Full access
Jeffrey L. Stith, Julie A. Haggerty, Andrew Heymsfield, and Cedric A. Grainger

Abstract

The distributions of ice particles, precipitation embryos, and supercooled water are examined within updrafts in convective clouds in the Amazon and at Kwajalein, Marshall Islands, based on in situ measurements during two Tropical Rainfall Measuring Mission field campaigns. Composite vertical profiles of liquid water, small particle concentration, and updraft/downdraft magnitudes exhibit similar peak values for the two tropical regions. Updrafts were found to be favored locations for precipitation embryos in the form of liquid or frozen drizzle-sized droplets. Most updrafts glaciated rapidly, removing most of the liquid water between −5° and −17°C. However, occasional encounters with liquid water occurred in much colder updraft regions. The updraft magnitudes where liquid water was observed at cold (e.g., −16° to −19°C) temperatures do not appear to be stronger than updrafts without liquid water at similar temperatures, however. The concentrations of small spherical frozen particles in glaciated regions without liquid water are approximately one-half of the concentrations in regions containing liquid cloud droplets, suggesting that a substantial portion of the cloud droplets may be freezing at relatively warm temperatures. Further evidence for a possible new type of aggregate ice particle, a chain aggregate found at cloud midlevels, is given.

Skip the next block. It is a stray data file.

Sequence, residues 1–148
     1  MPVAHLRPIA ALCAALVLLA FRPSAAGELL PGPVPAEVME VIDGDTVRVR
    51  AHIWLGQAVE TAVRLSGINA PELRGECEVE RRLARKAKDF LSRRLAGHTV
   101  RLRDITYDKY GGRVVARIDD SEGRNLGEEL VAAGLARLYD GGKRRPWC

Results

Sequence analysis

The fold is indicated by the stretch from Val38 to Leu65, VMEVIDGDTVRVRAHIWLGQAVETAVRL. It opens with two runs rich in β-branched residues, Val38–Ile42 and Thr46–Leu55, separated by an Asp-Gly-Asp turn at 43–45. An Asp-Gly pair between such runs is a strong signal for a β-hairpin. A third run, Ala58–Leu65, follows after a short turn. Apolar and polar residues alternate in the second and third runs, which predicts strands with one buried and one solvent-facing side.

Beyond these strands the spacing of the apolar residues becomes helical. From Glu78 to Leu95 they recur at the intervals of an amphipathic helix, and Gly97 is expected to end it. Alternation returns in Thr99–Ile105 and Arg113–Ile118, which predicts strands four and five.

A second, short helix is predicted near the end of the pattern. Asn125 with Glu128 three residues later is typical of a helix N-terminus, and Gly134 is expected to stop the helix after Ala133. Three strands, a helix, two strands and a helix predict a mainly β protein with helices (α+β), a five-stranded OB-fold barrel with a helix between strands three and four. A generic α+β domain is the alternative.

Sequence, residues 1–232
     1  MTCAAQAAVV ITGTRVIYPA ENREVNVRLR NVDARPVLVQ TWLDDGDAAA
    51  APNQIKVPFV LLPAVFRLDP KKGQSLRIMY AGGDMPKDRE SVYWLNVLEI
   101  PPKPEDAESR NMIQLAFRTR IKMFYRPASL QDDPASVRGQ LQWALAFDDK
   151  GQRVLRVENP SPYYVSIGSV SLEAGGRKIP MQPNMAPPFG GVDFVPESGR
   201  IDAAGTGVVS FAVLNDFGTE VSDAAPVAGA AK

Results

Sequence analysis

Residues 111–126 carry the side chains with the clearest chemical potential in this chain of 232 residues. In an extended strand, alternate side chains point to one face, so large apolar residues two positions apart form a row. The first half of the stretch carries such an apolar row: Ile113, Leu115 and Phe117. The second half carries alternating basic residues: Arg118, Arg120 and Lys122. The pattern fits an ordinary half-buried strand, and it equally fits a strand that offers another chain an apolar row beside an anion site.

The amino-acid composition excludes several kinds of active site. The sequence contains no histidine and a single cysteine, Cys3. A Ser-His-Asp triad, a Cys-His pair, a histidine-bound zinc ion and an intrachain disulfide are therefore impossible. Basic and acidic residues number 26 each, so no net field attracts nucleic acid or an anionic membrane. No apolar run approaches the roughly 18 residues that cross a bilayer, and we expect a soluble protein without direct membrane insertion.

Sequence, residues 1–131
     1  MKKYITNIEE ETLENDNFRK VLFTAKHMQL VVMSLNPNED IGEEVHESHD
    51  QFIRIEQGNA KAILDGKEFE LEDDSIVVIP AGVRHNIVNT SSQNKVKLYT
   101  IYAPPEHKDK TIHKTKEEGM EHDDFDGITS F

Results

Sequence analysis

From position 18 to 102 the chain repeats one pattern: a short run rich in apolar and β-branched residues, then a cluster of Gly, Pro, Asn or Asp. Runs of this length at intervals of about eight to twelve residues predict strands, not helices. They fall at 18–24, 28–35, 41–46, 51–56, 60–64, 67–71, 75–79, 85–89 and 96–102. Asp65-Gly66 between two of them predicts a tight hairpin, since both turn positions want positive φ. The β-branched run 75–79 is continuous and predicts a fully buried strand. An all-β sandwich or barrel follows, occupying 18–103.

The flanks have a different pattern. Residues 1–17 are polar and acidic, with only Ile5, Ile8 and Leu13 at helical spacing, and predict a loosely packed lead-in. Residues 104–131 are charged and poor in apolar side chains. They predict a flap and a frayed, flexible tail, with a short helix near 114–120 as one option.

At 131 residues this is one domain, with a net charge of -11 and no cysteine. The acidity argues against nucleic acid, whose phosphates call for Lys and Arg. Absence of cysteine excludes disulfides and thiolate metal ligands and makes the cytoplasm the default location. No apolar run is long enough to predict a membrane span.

Full access
Jeffrey L. Stith, Don A. Griffith, R. Lynn Rose, John A. Flueck, James R. Miller Jr., and Paul L. Smith

Abstract

A gaseous tracer, sulfur hexafluoride, was used to follow the path of two different AgI cloud seeding aerosols in cumulus clouds. The materials were released at cloud base or midlevels. Plumes sampled at midlevels were found to be relatively narrow and embedded within updrafts or downdrafts; relatively high concentrations of the tracer were observed in some downdrafts. Plumes with diameters comparable to the cloud diameters were found in the upper 20% of the clouds. These observations suggest only limited dispersion of the plumes in the clouds, with greater mixing occurring at cloud top. Similar behavior of the in-cloud plume is observed in results from a two-dimensional, numerical cloud model used to simulate the introduction of seeding materials into convective clouds. Observations of the ice crystal production rates are consistent with the results of recent laboratory findings concerning the properties of the seeding agents. The usefulness of this tracer technique in studying transport, diffusion and ice activation in cumulus clouds is discussed.

Full access